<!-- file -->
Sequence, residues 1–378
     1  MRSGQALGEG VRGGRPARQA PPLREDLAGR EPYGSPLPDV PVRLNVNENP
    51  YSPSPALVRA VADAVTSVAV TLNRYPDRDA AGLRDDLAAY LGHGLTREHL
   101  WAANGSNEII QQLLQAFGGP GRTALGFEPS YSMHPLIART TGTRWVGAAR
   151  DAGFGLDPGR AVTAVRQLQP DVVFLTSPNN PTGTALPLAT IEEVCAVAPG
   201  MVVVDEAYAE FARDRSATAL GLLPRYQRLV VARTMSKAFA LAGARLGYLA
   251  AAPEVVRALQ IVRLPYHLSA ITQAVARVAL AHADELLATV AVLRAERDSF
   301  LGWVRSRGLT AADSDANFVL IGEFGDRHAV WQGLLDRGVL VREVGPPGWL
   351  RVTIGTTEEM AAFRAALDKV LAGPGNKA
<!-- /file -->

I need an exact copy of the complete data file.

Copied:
Sequence, residues 1–378
     1  MRSGQALGEG VRGGRPARQA PPLREDLAGR EPYGSPLPDV PVRLNVNENP
    51  YSPSPALVRA VADAVTSVAV TLNRYPDRDA AGLRDDLAAY LGHGLTREHL
   101  WAANGSNEII QQLLQAFGGP GRTALGFEPS YSMHPLIART TGTRWVGAAR
   151  DAGFGLDPGR AVTAVRQLQP DVVFLTSPNN PTGTALPLAT IEEVCAVAPG
   201  MVVVDEAYAE FARDRSATAL GLLPRYQRLV VARTMSKAFA LAGARLGYLA
   251  AAPEVVRALQ IVRLPYHLSA ITQAVARVAL AHADELLATV AVLRAERDSF
   301  LGWVRSRGLT AADSDANFVL IGEFGDRHAV WQGLLDRGVL VREVGPPGWL
   351  RVTIGTTEEM AAFRAALDKV LAGPGNKA